Every year, nearly 2,500 teens in the United States aged 13 to 19 are killed and about 285,000 are treated in emergency rooms for injuries from motor vehicle crashes.
Even though a mere 10% of licensed drivers are under 21, teen drivers who have consumed alcohol are responsible for roughly 17% of all fatal alcohol-related crashes. According to reports, in 2019, teenage crash deaths occurred most often in June.
Young drivers are less likely than adults to drive after drinking alcohol, but their crash risk is substantially higher when they do. Lack of driving experience can lead teens to underestimate danger, misjudge maneuvers, and it makes them more susceptible to distractions from passengers or cell phones.
Being proactive can reduce the risk of underage drinking and driving. Please review the tips below to help keep your family safe.
Establish Rules & Consequences
The teens in your life (probably) already know that underage drinking is illegal, but they may not know what the consequences look like at home or if they get caught by police.
Outline the at-home consequences and discuss penalties that could arise if police are involved (e.g., license suspension, fines, community service, etc.).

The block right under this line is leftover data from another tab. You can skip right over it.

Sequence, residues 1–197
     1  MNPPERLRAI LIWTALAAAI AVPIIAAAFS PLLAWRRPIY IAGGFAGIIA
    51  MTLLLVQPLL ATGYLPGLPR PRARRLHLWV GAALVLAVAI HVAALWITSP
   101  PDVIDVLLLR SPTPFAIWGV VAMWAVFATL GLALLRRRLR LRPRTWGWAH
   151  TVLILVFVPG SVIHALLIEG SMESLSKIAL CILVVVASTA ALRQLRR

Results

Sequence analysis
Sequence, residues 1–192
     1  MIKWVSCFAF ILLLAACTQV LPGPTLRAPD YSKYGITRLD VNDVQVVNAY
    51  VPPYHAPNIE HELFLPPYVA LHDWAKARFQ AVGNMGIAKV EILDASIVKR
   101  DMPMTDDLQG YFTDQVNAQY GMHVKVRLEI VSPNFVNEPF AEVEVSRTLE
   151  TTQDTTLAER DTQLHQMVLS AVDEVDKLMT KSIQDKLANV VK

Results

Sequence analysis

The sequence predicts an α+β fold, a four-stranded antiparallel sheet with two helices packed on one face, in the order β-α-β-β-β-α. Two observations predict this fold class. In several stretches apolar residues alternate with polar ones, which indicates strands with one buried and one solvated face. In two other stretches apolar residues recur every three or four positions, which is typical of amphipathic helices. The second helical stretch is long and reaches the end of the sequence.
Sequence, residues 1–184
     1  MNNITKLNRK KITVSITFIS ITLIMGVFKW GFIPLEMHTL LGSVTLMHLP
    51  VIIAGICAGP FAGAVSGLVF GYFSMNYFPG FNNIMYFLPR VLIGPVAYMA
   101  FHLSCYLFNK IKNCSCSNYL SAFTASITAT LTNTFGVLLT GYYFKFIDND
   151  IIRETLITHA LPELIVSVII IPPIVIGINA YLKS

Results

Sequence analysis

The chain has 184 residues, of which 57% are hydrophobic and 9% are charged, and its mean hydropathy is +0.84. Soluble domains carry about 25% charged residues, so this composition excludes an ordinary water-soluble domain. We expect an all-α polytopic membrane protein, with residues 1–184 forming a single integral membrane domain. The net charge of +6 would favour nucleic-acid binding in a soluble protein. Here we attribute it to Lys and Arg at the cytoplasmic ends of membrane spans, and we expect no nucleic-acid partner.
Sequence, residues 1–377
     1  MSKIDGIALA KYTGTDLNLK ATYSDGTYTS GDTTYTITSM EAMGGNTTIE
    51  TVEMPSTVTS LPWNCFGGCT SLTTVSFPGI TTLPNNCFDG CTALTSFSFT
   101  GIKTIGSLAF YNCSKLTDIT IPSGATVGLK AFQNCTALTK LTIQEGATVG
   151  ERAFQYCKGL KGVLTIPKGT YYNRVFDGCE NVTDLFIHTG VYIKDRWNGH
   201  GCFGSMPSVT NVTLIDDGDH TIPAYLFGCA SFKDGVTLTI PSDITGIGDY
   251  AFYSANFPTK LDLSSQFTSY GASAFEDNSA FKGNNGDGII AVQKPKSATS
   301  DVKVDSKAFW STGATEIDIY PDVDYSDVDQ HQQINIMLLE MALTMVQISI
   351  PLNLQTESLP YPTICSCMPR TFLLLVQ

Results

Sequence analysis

Put It in Writing
Putting words on paper can be a powerful tool for parents. Write a contract that spells out rules and consequences and have your teen sign it to help cement their commitment to staying sober behind the wheel.
Short on time? Print this Parent-Teen Driving Agreement for free.
Talk About Peer Pressure
Talk to your teens about situations they might encounter that involve alcohol. Discuss what they would do if they were offered alcohol at a party, and prepare them for how to safely turn down a ride from a friend who has been drinking.
Remind them that they can ALWAYS call you for a ride if they end up in ANY situation that involves drugs or alcohol. Some families have developed code words or phrases so teens can call or text for help and save face in front of their friends.
***Just like learning to drive, summer break and graduation events are a rite of passage for many teens. Help them navigate these exciting milestones with compassion, and educate the teens in your life about the dangers of underage drinking and driving.